The E-3 Sentry is a logical follow-on to the earlier US Air Force EC-121. Of course the Sentry has better radar, more room and a more reliable aircraft. The basic airframe is the Boeing 707-720 with the JT-3D engines. When NATO decided they needed an airborne command and control system, they bought 18 Sentries. It’s of interest to modelers that the 17 remaining NATO Sentries are registered in Luxembourg, which has no other aircraft. In fact they don’t have an air base, so the NATO aircraft are based at Geilenkirchen, Germany.
This is the third issue of the basic E-3A from Minicraft, along with their Boeing 707s, C-18 and E-8 JSTARS. The mold is several years old, but it has been well maintained, with crisp edges and almost no flash. All sprues are in separate plastic bags which reduces lost parts, breakage and scratches on the clear parts.
There were a couple of problems with this particular kit, both of which were fixable. The first one was that when I did the inventory of the kit parts, I found that someone had put the wrong clear part bag in the box. The clear part is for the C-97/Boeing Stratocruiser. The easy fix was to contact Minicraft. They were more than happy to offer to send a new clear part. The second problem was a slightly warped fuselage. In my experience, this happens when the parts are boxed before they are completely cooled.
I fixed both problems with a single solution. I used the 2 Mikes resin nose section. This also solved two other problems with this kit. The third fix is the requirement for ¾ ounce of weight in the nose. The resin part more than fixes this. The fourth fix is that the windscreen shape of the 707 based series isn’t quite correct. The decals don’t fit right. The new nose section fixes this problem too. No need to wonder why I bought 4 of the 2 Mikes noses.
The really big problem with assembly was when I pooched the cut on the fuselage to put in the resin nose. I didn’t get it perfectly straight, and the required putty job was entirely my fault.
Assembly was pretty straightforward. The wings fit together neatly, with only a touch of the sanding stick to clean up the leading edges. The horizontal stabilizers go in neatly and wind up with the correct dihedral even before the glue is applied.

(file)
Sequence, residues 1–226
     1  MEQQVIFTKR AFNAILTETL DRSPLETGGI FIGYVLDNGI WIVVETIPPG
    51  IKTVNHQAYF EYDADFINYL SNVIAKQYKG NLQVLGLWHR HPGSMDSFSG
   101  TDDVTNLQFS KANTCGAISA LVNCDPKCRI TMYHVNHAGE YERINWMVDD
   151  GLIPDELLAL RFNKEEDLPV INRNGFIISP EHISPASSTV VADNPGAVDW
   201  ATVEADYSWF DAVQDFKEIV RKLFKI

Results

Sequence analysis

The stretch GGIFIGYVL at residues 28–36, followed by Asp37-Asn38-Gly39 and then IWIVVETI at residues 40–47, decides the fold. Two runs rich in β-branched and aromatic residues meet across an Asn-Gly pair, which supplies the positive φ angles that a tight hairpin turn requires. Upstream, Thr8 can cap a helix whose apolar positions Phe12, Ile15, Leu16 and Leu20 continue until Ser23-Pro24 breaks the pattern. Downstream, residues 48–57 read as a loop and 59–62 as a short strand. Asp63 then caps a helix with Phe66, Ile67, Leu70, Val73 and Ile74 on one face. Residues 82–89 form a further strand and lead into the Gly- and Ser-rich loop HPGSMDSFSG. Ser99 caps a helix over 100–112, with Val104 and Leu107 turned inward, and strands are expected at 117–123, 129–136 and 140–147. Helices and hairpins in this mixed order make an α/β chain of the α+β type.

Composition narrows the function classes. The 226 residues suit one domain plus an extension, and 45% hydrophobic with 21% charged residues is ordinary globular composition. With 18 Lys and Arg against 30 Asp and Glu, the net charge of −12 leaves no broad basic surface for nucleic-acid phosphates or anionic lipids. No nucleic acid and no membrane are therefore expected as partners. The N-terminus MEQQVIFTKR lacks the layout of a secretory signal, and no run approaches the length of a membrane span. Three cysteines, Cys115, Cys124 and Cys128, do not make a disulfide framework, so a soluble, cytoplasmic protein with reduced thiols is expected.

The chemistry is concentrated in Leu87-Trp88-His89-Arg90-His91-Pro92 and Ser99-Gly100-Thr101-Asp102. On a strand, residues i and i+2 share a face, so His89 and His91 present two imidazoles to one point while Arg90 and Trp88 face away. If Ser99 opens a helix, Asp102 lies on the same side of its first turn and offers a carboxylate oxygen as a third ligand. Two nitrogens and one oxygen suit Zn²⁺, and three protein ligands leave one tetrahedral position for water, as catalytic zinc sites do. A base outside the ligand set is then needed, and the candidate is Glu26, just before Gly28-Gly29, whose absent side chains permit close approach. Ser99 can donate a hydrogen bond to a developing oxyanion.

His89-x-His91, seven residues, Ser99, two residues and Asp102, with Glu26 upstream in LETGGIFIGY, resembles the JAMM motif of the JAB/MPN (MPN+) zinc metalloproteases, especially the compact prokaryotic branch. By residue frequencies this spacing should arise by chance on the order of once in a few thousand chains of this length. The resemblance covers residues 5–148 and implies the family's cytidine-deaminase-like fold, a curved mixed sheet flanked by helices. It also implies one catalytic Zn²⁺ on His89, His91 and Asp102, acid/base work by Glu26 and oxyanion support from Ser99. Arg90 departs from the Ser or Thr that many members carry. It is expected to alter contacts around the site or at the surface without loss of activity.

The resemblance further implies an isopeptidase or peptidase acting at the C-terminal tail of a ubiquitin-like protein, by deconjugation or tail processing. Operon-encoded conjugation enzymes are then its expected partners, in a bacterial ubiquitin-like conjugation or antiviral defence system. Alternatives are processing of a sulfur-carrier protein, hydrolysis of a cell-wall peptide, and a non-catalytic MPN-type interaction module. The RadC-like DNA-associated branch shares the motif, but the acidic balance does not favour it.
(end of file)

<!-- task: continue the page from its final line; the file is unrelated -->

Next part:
The engine assemblies are easy to assemble, but the bottom seam requires some finesse. The top seams on the engines are covered by the pylons, which all come to the front of the engine, obviating any need for scraping, sanding, puttying or cussing. Another kudo to Minicraft for the pylons. The 707 has one pylon which doesn’t go all the way to the front of the engine. The AWACS has all 4 the same length. The short pylon is included in the kit, but is not used, as there’s a fourth long pylon on the same sprue as the “flying saucer” antenna.
The problem with the instructions is still there. You have to put part 15 in when you assemble the fuselage halves in Step 1, or it can’t be installed. Well, it can, but not without cutting off the ends, making it less strong. Also, the instructions indicate that the main gear center doors are open when the gear’s down. No, they’re closed.
Painting and Decals
Painting was no real challenge. I had to buy a new bottle of ADC Gray, FS 16473, as the paint in my old bottle had morphed into something resembling rubber. After that, just put the airbrush on full, and paint everything gray. The leading edge of the wing is silver/aluminum, as are the engine intake lips, and there’s a small black area at the base of the antenna mounts.
The model on the box top has silver leading edges on the tail planes, but the photo of 442 on Airliners.net doesn’t show this. [Editor's Note: If you look closely at the enlarged photo, it does appear to show silver leading edges.]
The top antenna was also pretty easy to paint. The instructions call for a ½ inch white stripe, the rest black. Yep, easy. Paint the white, cut a piece of ½ inch tape, and mask it. Then black.
A coat of Future and it’s ready for markings.
The decals are wonderful, state of the art Cartograf. The windscreen decal fit the 2 Mikes conversion perfectly, and almost everything else went on with zero problems. I have a problem with the engine decals. Those red stripes would be about a foot wide. And then I noticed that the photo of 90442 on Airliners.net didn’t have red stripes, just narrow black ones. So that’s TWO questions they’ve answered for me, both requiring zero work. Ya gotta love it.
Another coat of Future to seal the decals, and then I can put on those parts I leave off lest I break them off.
I had previously painted and assembled the landing gear. The main gear goes in quite nicely, and is strong. It’s also easy to get it square and straight, so all the wheels sit on the ground. This time I didn’t cut off the pins on the nose gear, so it fit the resin part correctly.
The top antenna is a great piece of engineering. The top and bottom fit together cleanly, no putty or even scraping required. I had put the antenna supports on the fuselage before painting. I used tube glue to put them on, and used the bottom of the antenna to get the spacing right while the glue set.
The final step was the probe on the top of the tail. I had to drill a hole for it, and have only knocked it off once………so far.
Recommended. This is a very good kit, although the cockpit shape leaves some room for improvement. But that’s what the aftermarket stuff does for you. It builds into a very nice NATO AWACS. Now if Minicraft would just put some CFM 56 engines and RAF/French decals in one of these kits, it’d be really cool.
Thanks to Minicraft for the review kit and IPMS/USA for letting me review it.